“More uranium development needed to meet demands of growing nuclear fleet” – World Nuclear Association launches the Nuclear Fuel Report 2021

For immediate release: 8 September 2021


Today, World Nuclear Association launched the 2021 edition of The Nuclear Fuel Report, concluding that the positive trend in nuclear generating capacity projections that began in the previous (2019) report continues. In the period, two newcomer countries – Belarus and the United Arab Emirates – connected their first reactors to the grid; further reactors were commissioned in China, India, Pakistan and Russia; construction of new reactors was launched in China, Iran and Turkey; and many other countries are considering either expanding existing nuclear programmes (e.g. Argentina, Brazil, Bulgaria, Netherlands, Romania, South Africa) or building their first reactors (e.g. Egypt, Poland, Uzbekistan). The nuclear generation capacity is expected to grow by 2.6% annually, reaching 615 GWe by 2040 in the Reference Scenario.

The report found that world uranium production dropped considerably from 63,207 tonnes of uranium (tU) in 2016 to 47,731 tU in 2020. Unfavourable market conditions, compounded by the Covid-19 pandemic, led to a sharp decrease in investment in the development of new and existing mines. The currently depressed uranium market has caused not only a sharp decrease in uranium exploration activities (by 77% from $2.12 billion in 2014 to nearly $483 million in 2018) but also the curtailment of uranium production at existing mines, with more than 20,500 tonnes of annual production being idled. Uranium production volumes at existing mines are projected to remain fairly stable until the late 2020s, then decreasing by more than half from 2030 to 2040.

Intense development of new projects will be needed in the current decade to avoid potential supply disruptions. A number of projects at very advanced stages of development are waiting for an improved supply-demand market situation in order to commence uranium production. According to the report, there will have to be a doubling in the development pipeline for new projects by 2040. There are more than adequate project extensions, uranium resources and other projects in the pipeline to accomplish this need, but it is essential for the market to send the signals needed to launch the development of these projects.

Beyond mining, the report found that:

  • In the conversion sector, near-term reactor requirements in UF6 will be largely covered by commercial inventories. By 2023, global conversion production is expected to meet requirements due to the ramp-up and restart of existing facilities. Nevertheless, in the long-run more conversion capacity will be needed.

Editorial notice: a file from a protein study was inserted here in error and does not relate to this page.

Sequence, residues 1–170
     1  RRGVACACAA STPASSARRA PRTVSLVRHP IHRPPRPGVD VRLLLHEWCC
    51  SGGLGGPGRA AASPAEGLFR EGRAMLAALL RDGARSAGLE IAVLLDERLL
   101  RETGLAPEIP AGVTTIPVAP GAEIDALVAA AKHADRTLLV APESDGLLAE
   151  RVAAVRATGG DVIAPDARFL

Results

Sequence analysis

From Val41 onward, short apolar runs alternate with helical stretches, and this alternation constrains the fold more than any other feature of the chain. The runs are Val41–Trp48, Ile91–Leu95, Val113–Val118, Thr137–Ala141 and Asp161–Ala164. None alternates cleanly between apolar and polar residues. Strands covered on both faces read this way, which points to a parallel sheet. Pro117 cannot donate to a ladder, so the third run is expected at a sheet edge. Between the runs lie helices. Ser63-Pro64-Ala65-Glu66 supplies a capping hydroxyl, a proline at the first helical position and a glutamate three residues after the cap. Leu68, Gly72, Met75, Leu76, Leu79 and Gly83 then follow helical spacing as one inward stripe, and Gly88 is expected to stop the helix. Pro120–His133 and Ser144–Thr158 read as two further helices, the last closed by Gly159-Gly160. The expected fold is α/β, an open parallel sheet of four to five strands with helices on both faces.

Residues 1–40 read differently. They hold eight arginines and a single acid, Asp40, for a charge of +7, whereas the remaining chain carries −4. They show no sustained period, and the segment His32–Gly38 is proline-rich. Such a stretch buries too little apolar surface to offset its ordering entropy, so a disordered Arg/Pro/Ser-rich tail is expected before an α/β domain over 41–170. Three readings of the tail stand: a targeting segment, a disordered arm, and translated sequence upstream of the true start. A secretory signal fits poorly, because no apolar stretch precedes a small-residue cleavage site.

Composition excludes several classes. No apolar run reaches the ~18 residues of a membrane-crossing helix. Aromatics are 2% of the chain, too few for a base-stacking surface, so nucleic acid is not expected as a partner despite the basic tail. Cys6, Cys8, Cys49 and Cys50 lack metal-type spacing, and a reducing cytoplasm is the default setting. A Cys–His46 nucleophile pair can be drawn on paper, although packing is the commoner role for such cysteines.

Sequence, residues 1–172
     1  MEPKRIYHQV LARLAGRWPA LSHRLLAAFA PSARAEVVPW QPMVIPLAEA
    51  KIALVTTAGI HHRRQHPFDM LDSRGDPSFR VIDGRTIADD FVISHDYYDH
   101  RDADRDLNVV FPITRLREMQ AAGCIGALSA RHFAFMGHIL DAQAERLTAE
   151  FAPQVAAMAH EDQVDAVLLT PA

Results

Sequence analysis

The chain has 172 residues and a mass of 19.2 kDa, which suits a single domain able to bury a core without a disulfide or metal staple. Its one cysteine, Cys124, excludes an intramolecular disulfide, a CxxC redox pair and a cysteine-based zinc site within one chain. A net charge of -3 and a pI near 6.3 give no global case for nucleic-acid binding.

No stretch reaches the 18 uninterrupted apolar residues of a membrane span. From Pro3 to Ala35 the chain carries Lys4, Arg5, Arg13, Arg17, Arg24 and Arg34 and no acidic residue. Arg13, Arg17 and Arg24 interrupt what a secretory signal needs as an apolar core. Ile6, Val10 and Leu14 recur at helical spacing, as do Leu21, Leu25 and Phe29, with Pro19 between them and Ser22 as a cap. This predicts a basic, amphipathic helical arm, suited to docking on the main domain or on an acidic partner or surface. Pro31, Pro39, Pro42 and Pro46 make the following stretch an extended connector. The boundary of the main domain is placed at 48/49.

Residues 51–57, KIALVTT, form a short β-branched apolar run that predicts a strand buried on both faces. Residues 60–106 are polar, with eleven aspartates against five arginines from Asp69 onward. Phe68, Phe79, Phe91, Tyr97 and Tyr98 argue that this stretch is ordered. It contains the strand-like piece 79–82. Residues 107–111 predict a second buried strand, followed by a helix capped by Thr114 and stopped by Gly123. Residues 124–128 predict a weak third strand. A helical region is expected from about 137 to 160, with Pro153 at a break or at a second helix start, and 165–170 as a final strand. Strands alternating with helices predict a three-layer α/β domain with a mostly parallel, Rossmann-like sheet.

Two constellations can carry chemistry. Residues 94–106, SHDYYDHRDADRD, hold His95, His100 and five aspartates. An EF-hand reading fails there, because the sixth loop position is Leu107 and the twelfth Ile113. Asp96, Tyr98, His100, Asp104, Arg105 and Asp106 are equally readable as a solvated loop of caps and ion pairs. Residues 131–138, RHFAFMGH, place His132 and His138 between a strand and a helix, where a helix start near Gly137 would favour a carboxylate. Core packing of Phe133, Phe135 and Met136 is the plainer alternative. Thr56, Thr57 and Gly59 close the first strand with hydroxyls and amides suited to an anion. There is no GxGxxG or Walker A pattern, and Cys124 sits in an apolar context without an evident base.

• In the enrichment sector, excess capacity is currently used for underfeeding and tails re-enrichment, bringing in approximately 6,000-8,000 tU in support of the undersupplied uranium market. This will largely be reduced over time, as enrichment requirements rise due to nuclear generating capacity growth.
  • In the fuel fabrication sector, competition may become more intense from both the commercial and technological perspective, due to increased interest in developments of advanced fuels (e.g. for non-light water reactors). Nuclear fuel demand increasing in Asia and decreasing in the West may cause fuel vendors to move from a regional to a more global market approach.

Sama Bilbao y León, Director General of World Nuclear Association, said following the launch of the Nuclear Fuel Report 2021:

“Given its unique combination of attributes – reliability, affordability, low-carbon and universal deployability – it is clear that nuclear energy will play an even larger role in the electricity and energy systems of tomorrow. The Nuclear Fuel Report makes it clear that sufficient uranium resources exist to meet the expected growth, but uranium markets need to rebalance to incentivise investment in uranium mining to support the expansion of the global nuclear fleet.”


Notes to the editor:

Three scenarios for world nuclear generating capacity up to 2040 have been prepared in the report, referred to as the Reference, Upper and Lower Scenarios. As of mid-2021, global nuclear capacity was around 394 GWe (from 442 units), and about 60 GWe (57 units) was under construction. In the Reference Scenario, nuclear capacity is expected to rise to 439 GWe by 2030 and to 615 GWe by 2040. In the Upper Scenario, the equivalent figures are 521 GWe in 2030 and 839 GWe in 2040. The Lower Scenario shows a slight increase that becomes more pronounced after 2030 due to the commissioning of new reactors in China, India and several newcomer countries, compensating for reactor closures in the USA and Western Europe.

World reactor requirements for uranium in 2021 are estimated at about 62,500 tonnes of uranium (tU). In the Reference Scenario, these are expected to rise to 79,400 tU in 2030 and 112,300 tU in 2040. In the Upper Scenario, uranium requirements are expected to be about 99,000 tU in 2030, and 156,500 tU in 2040. In the Lower Scenario, the requirements are expected to rise to nearly 70,000 tU in 2030 and 79,400 tU in 2040. In all three scenarios, global uranium requirements for uranium in 2040 are approximately 12% higher compared with the 2019 edition.